Library usage is up in Iowa, following national trends. At the same time, many library budgets are being cut as cities look for ways to balance the books. A recent survey by the State Library found that visits to Iowa libraries have increased by seven-percent over the past six months.

State Librarian Mary Wegner says the numbers aren’t surprising. "Two-thirds of all Iowans have library cards that they use and so we’re not surprised to find this increased use," Wegner says. "We are concerned about what these tough economic times will mean for libraries, but we want to remind Iowans that libraries are a great bargain and a great service to them in these days."

A survey of 50 public libraries serving more than half of the state’s population shows usage has more than doubled in the last six months as the economy has soured. Des Moines city officials have asked the capitol city’s public libraries to find 300-thousand-dollars in cuts.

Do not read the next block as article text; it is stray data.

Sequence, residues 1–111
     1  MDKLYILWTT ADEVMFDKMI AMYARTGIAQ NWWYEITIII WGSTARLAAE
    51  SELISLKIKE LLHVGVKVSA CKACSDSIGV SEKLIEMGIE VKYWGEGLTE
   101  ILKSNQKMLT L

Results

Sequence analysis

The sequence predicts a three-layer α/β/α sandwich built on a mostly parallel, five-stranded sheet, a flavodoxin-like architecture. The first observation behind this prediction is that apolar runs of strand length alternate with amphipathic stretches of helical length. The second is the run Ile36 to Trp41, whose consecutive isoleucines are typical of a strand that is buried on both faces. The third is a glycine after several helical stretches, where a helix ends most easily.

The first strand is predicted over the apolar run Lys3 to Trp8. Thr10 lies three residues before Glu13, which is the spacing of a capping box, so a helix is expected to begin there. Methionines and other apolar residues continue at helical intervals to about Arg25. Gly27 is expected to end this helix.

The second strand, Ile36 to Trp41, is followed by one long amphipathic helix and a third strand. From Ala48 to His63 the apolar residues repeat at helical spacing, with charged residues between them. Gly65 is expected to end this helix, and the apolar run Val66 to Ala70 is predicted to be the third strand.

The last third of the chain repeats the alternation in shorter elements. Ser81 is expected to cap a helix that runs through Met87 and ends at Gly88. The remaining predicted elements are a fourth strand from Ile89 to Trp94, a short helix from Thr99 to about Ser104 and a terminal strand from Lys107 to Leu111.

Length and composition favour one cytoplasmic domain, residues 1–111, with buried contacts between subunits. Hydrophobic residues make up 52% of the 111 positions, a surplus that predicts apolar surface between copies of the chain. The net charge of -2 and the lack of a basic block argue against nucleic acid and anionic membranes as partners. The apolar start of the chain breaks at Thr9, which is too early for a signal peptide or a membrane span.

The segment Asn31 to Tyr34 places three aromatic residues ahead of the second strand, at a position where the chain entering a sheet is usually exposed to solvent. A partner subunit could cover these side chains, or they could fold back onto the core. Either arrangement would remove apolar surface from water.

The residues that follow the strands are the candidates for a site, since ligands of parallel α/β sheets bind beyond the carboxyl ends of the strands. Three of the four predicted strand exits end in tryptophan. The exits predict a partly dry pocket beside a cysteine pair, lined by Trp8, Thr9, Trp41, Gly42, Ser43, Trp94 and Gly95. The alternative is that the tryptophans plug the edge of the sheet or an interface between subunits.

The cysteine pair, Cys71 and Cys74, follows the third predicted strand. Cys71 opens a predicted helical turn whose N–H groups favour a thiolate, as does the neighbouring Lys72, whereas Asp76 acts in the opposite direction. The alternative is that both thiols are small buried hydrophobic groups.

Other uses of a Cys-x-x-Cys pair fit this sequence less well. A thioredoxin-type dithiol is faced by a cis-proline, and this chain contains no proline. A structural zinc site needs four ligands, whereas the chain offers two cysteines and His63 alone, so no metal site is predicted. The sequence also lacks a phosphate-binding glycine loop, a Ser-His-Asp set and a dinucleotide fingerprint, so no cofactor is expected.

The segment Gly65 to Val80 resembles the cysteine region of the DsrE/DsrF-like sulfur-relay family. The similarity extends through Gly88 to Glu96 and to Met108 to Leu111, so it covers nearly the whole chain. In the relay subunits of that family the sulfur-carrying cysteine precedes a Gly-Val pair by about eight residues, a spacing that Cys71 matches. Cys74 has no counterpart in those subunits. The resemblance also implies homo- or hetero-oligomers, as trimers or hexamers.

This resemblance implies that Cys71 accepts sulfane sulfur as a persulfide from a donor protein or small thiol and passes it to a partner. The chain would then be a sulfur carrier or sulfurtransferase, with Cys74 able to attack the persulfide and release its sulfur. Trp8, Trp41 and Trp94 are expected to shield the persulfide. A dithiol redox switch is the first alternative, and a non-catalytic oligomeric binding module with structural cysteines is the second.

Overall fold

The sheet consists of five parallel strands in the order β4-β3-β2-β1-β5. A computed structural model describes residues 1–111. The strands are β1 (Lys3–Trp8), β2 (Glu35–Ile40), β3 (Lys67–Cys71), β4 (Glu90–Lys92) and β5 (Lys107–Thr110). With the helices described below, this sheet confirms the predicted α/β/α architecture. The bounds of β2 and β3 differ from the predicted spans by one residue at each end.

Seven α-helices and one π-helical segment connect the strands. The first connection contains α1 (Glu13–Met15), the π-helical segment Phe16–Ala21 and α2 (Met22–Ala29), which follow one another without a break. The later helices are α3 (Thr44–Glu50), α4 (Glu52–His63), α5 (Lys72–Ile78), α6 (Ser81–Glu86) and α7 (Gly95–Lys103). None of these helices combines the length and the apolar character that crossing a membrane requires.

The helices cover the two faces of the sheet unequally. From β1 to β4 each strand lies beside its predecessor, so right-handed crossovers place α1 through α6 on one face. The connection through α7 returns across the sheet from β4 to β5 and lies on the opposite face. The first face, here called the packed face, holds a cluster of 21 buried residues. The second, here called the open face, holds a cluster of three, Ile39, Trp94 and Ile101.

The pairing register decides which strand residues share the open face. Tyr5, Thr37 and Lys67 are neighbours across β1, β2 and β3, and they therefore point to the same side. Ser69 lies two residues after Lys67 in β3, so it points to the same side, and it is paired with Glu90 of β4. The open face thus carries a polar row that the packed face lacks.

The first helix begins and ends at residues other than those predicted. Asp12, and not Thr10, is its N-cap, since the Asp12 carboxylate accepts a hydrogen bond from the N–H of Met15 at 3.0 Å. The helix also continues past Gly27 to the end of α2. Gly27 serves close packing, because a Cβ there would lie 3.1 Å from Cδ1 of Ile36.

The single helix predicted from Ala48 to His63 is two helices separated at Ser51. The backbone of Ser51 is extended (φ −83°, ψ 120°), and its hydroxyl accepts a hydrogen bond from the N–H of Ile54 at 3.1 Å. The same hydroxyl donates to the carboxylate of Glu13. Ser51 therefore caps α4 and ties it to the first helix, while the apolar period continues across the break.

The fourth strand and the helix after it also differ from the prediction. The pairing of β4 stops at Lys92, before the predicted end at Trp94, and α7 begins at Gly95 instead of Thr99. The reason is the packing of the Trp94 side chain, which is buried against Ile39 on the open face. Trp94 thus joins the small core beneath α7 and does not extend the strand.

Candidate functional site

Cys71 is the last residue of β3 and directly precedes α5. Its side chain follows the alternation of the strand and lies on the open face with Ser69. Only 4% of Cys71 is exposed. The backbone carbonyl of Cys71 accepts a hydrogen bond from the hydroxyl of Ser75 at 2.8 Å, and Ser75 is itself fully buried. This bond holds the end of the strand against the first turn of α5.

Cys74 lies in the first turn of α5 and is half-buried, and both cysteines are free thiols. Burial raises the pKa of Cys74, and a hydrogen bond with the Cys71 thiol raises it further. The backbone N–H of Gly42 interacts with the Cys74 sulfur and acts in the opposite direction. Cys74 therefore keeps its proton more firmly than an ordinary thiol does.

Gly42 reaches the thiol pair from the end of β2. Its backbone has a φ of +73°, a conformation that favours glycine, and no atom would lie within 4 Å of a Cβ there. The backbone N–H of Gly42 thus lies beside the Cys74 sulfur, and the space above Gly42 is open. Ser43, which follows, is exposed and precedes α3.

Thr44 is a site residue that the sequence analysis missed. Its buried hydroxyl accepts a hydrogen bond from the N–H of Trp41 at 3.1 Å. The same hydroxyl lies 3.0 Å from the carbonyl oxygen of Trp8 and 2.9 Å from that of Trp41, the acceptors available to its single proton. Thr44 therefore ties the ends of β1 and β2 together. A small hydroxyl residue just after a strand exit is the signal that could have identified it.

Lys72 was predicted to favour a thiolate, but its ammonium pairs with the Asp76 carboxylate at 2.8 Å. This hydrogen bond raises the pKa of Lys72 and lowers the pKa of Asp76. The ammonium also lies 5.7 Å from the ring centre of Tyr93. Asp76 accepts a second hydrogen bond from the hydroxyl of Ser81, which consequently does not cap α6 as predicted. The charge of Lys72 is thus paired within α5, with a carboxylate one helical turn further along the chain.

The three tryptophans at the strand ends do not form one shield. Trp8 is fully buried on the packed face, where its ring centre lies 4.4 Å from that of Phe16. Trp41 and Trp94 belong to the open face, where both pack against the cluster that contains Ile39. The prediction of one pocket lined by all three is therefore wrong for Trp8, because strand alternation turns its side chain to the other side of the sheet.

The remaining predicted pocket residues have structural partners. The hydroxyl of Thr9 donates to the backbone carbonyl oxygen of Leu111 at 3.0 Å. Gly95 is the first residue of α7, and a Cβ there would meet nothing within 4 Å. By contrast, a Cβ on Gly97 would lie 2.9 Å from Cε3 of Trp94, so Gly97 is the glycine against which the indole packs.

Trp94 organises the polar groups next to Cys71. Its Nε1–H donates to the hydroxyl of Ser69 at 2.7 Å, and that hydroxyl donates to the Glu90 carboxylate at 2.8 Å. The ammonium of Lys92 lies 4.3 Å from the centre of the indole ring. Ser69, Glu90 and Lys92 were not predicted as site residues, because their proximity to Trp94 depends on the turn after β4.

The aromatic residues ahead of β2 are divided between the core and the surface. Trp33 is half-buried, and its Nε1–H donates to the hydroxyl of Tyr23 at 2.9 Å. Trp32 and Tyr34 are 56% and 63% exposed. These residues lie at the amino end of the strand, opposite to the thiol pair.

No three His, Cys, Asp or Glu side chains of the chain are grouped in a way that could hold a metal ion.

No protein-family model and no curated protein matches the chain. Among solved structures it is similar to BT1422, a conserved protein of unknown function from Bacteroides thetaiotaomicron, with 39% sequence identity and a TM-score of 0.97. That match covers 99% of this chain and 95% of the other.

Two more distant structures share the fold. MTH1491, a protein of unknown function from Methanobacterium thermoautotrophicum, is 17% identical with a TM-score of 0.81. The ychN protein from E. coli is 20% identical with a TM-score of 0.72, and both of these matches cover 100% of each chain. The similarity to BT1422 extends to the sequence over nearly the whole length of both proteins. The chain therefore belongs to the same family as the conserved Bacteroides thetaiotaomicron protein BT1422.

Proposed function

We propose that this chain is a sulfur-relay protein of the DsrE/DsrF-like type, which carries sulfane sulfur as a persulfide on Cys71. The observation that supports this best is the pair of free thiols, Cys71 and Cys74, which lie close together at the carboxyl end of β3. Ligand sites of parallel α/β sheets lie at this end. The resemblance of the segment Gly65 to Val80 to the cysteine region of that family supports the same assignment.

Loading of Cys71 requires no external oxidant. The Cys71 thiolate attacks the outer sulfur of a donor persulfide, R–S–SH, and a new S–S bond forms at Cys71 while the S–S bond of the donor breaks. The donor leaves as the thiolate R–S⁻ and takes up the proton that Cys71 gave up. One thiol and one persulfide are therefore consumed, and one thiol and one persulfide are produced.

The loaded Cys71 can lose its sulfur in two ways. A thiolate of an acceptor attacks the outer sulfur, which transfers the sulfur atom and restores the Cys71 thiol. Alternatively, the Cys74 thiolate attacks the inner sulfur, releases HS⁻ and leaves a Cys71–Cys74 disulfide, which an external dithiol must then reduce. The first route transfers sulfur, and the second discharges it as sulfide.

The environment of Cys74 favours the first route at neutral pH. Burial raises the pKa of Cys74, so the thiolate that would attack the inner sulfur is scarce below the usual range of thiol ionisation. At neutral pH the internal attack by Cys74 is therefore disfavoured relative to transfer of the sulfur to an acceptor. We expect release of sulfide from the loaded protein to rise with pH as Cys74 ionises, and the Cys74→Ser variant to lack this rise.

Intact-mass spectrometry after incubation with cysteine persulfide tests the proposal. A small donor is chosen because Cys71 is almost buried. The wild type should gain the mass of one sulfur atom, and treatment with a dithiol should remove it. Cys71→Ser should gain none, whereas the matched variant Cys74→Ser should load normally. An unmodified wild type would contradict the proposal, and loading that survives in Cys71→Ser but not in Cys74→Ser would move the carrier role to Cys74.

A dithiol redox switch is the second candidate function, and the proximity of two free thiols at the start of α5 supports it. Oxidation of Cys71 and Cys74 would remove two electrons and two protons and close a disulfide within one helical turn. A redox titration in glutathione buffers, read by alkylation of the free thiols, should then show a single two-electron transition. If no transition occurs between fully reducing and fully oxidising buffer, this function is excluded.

Des Moines Public Library director Saul Amdursky says it’s the "perfect storm." "When you do community surveys, libraries invariably are the most beloved of community institutions, you know, when you’re rating them, you know, against fellow departments, but city managers will take a look and say: ‘The last thing I can cut are police and fire and sewers, you know, operations,’" Arndursky says.

"So while you have libraries as the most beloved, they are probably the most vulnerable when it comes to budget cuts."

Amdursky and Wenger made their comments on Iowa Public Radio’s "Talk at Twelve" program.